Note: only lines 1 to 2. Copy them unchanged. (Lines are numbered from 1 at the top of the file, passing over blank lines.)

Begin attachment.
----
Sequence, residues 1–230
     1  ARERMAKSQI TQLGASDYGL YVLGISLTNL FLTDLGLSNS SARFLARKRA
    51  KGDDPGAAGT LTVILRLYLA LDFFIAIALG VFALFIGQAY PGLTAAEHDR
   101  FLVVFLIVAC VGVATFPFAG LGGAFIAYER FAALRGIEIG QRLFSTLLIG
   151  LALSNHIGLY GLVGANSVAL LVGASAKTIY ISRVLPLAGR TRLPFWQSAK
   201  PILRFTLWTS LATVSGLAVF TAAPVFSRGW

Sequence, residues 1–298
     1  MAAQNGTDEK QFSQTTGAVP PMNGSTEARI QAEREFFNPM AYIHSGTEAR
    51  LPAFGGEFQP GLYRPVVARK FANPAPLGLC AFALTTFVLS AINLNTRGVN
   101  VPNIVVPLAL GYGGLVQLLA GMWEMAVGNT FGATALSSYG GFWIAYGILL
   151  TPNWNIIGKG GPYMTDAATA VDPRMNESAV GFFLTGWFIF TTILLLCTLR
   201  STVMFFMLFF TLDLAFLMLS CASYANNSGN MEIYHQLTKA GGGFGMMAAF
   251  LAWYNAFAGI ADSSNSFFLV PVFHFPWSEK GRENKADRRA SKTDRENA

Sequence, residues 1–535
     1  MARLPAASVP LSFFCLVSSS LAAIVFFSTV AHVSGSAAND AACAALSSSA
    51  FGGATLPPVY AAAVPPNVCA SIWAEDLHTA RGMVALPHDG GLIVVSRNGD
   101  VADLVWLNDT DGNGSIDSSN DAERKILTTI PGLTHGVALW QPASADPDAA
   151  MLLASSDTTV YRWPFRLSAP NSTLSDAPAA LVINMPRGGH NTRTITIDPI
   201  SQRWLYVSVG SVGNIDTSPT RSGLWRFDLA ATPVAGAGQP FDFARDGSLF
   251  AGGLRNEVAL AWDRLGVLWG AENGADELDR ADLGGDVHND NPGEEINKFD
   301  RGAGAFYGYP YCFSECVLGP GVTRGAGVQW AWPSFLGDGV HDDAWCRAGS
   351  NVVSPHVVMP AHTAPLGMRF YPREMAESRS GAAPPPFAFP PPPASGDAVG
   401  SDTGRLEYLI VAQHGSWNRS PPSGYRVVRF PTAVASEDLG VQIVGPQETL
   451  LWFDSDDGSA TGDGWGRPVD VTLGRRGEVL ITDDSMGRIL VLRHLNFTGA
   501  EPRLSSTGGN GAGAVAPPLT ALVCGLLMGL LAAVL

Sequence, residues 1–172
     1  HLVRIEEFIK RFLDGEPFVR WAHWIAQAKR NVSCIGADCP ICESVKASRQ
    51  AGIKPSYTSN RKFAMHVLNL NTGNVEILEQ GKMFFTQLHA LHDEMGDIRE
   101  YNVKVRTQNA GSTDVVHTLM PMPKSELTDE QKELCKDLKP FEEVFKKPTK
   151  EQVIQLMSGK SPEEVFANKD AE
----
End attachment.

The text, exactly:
Sequence, residues 1–230
     1  ARERMAKSQI TQLGASDYGL YVLGISLTNL FLTDLGLSNS SARFLARKRA